Failure is a Four-Letter Word: A Parody in Empirical Research

Andreas Zeller, Thomas Zimmermann, and Christian Bird

Abstract

Background: The past years have seen a surge of techniques predicting failure-prone locations based on more or less complex metrics. Few of these metrics are actionable, though. Aims: This paper explores a simple, easy-to-implement method to predict and avoid failures in software systems. The IROP method links elementary source code features to known software failures in a lightweight, easy-to-implement fashion. Method: We sampled the Eclipse data set mapping defects to files in three Eclipse releases. We used logistic regression to as- sociate programmer actions with defects, tested the predictive power of the resulting classifier in terms of precision and recall, and isolated the most defect-prone actions. We also collected initial feedback on possible remedies. Results: In our sample set, IROP correctly predicted up to 74% of the failure-prone modules, which is on par with the most elaborate predictors available. We isolated a set of four easy-to-remember recommendations, telling programmers precisely what to do to avoid errors. Initial feedback from developers suggests that these recommendations are straightforward to follow in practice. Conclusions: With the abundance of software development data, even the simplest methods can produce “actionable” results.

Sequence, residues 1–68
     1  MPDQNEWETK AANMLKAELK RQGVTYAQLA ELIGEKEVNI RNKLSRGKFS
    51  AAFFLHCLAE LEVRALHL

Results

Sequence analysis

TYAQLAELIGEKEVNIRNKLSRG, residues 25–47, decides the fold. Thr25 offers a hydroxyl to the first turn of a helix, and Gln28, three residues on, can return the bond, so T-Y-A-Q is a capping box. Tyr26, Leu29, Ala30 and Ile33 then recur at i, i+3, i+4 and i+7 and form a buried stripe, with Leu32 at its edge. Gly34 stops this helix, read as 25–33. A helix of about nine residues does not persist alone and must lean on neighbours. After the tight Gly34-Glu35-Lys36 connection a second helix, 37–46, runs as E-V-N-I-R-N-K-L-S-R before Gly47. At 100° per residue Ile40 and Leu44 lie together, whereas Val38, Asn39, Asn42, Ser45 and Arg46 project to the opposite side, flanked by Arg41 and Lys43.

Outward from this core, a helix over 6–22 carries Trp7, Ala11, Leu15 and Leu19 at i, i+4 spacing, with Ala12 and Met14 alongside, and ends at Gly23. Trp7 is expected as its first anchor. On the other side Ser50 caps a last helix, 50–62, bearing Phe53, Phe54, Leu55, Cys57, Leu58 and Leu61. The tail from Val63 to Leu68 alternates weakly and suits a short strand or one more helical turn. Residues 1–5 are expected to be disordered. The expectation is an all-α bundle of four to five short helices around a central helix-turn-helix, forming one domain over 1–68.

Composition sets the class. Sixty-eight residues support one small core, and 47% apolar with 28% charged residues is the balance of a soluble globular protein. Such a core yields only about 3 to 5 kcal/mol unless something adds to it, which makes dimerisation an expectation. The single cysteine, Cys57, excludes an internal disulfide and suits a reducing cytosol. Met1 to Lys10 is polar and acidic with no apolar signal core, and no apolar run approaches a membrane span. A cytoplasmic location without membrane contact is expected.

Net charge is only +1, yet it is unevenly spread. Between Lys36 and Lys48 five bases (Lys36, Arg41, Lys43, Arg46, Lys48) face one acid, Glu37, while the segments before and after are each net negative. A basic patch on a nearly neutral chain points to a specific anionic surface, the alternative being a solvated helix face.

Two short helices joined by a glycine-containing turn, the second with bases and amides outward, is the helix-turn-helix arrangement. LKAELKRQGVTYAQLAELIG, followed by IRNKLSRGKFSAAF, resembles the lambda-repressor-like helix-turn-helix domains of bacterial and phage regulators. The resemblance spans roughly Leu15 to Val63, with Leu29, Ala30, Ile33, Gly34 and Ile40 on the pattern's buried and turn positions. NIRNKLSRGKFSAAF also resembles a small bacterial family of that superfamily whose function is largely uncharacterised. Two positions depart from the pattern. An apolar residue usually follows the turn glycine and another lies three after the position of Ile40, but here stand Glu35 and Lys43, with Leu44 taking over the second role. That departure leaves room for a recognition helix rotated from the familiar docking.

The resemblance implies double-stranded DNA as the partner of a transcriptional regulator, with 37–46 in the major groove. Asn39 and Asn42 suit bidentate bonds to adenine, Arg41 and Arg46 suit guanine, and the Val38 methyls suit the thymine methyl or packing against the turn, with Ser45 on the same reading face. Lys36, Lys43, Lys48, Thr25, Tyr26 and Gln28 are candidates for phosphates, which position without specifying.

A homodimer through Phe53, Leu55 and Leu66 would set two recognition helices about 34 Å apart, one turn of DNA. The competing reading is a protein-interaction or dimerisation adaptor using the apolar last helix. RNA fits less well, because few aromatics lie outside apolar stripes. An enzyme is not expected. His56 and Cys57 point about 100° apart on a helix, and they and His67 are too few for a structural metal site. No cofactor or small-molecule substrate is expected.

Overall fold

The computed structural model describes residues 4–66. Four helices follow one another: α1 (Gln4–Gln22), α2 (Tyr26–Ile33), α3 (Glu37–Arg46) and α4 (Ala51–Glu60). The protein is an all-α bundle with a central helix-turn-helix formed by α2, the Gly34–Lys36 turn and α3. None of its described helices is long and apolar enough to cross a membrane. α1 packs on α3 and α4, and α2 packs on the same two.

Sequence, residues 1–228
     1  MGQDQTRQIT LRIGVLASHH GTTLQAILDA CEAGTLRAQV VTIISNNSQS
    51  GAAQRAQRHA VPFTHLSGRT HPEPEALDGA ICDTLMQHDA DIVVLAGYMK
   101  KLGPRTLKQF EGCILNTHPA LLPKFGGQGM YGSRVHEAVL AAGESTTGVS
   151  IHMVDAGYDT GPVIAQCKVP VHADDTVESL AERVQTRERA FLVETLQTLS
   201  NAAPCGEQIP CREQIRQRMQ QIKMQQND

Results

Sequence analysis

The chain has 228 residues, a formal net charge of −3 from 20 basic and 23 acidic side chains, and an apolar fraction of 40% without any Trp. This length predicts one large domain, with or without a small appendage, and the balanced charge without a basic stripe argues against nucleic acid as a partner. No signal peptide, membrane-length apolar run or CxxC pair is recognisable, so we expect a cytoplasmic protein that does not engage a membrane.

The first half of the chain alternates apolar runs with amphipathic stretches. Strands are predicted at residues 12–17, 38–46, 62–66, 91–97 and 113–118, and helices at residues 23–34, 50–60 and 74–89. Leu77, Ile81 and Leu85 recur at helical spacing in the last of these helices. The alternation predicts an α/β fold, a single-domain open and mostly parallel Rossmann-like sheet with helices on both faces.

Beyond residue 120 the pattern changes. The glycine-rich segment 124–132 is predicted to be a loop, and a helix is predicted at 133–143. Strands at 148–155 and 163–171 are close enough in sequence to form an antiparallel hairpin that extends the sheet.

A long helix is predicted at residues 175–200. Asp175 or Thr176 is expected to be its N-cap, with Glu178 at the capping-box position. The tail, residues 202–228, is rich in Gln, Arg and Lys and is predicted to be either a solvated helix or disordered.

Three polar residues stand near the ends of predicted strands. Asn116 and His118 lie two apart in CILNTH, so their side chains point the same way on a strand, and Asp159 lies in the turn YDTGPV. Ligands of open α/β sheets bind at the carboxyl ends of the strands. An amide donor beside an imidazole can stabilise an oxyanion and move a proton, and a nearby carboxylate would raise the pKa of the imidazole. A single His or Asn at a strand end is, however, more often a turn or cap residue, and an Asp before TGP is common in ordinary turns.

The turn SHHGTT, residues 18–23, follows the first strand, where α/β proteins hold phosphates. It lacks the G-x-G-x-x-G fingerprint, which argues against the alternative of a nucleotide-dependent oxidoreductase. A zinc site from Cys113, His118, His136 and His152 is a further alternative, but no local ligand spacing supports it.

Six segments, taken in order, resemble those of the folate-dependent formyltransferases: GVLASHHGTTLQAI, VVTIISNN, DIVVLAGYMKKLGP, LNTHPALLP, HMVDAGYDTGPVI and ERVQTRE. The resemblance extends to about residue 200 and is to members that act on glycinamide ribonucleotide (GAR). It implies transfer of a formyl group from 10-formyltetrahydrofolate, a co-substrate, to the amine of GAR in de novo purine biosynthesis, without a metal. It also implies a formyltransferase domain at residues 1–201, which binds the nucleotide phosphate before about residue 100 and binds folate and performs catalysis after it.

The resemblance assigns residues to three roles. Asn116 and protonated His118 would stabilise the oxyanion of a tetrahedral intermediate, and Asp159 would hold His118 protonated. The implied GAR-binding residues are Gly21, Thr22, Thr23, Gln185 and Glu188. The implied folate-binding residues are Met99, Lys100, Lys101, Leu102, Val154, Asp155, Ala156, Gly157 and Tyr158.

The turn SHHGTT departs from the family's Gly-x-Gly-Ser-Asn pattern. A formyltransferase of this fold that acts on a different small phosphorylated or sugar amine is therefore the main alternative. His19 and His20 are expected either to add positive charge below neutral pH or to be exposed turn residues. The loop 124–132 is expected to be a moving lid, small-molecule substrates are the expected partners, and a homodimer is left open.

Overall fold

Details

Publication typeInproceedings
Published inProceedings of the 7th International Conference on Predictive Models in Software Engineering
PublisherACM
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